|About The School
Philosophy, Mission and Values
The Eliot-Pearson Children's School is the laboratory-demonstration
program of the Eliot-Pearson Department of Child
Study and Human Development at Tufts University.
Our program serves as a model and demonstration facility, providing training and
observation site for new and experienced teachers, undergraduate and graduate students
in Child Development, and a research facility for faculty and supervised students
in the Department of Child Study and Human Development. The school serves 80 children and families
in three preschool classrooms, a kindergarten and a first/second grade. The school
has several missions: to provide high quality service to children and families, to
be a site for teaching training and research; a site to develop and disseminate new
ideas in teaching and learning; to develop collaborations and outreach with community
schools and programs, and a site for professional development for both in-service and
pre-service teacher education.
The Eliot Pearson Children's School is based on a socio-constructivist model
of teaching and learning where children are actively engaged in the learning process
and with a focus on social and collaborative dimensions of learning. The Children's
School is committed to providing appropriate inclusive education for all children.
The school actively seeks student populations that represent a wide variety of ability,
racial, ethnic, religious, linguistic, cultural, family and socio-economic backgrounds.
Diversity is a core value in the community and the school incorporates an anti-bias
perspective in all the programs.
We create a community of learners with both children and adults. First and foremost
our goal is to create a quality, nurturing experience for all children and their families.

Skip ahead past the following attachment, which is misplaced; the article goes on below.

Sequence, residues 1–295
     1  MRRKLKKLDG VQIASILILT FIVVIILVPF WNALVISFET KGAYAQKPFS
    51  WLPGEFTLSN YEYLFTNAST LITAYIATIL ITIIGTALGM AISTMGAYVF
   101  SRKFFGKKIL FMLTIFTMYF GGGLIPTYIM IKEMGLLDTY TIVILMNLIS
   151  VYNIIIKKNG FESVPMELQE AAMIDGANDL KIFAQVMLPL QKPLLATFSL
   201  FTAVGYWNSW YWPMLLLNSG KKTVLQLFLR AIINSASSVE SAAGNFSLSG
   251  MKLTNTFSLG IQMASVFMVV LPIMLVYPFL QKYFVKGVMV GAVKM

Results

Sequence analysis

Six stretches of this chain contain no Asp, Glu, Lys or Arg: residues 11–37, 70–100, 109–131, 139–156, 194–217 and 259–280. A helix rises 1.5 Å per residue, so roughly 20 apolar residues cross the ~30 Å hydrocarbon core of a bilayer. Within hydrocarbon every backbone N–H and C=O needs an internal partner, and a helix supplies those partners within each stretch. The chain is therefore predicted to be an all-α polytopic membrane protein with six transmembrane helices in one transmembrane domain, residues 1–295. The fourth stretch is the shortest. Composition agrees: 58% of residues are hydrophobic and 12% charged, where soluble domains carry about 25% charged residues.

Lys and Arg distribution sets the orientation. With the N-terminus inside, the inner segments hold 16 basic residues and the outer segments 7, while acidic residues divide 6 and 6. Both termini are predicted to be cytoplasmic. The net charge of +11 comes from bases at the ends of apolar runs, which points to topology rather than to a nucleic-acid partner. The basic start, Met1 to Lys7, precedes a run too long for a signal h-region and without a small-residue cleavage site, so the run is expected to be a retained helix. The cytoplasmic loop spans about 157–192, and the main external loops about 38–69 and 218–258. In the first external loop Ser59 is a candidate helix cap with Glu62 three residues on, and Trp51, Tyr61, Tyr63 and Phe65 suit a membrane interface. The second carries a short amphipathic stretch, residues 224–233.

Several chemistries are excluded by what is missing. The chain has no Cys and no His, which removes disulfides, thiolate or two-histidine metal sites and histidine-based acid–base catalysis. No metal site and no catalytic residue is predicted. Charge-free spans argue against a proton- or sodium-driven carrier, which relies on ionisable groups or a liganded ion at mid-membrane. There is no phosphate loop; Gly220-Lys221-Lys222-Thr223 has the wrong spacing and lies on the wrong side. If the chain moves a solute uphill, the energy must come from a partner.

The focus is on the whole child, and to support all areas of a child's development,
social-emotional, cognitive, language, physical motor, creativity and the arts. This
is done through a project-based approach to learning. All of the teaching staff are
engaged in ongoing professional development through the creation of professional
learning communities incorporating documentation, reflective practice, and teacher
inquiry Off site teachers attend and present at conferences as well as visit other
programs for consultation. The inclusion of ongoing professional development keeps
the teaching faculty fresh, open to new ideas, and committed to the highest standards
in the fields of early education and child development. Creating communities with
families is also a priority; we do this by striving for reciprocal partnerships and
expanding traditional notions of parent- teacher relationships. One example of this
are the parent–teacher learning groups, where families and teachers come together in
small study groups to learn about a specific topic together. Family engagement is built
on the premise that we learn from each other and work together to create the community.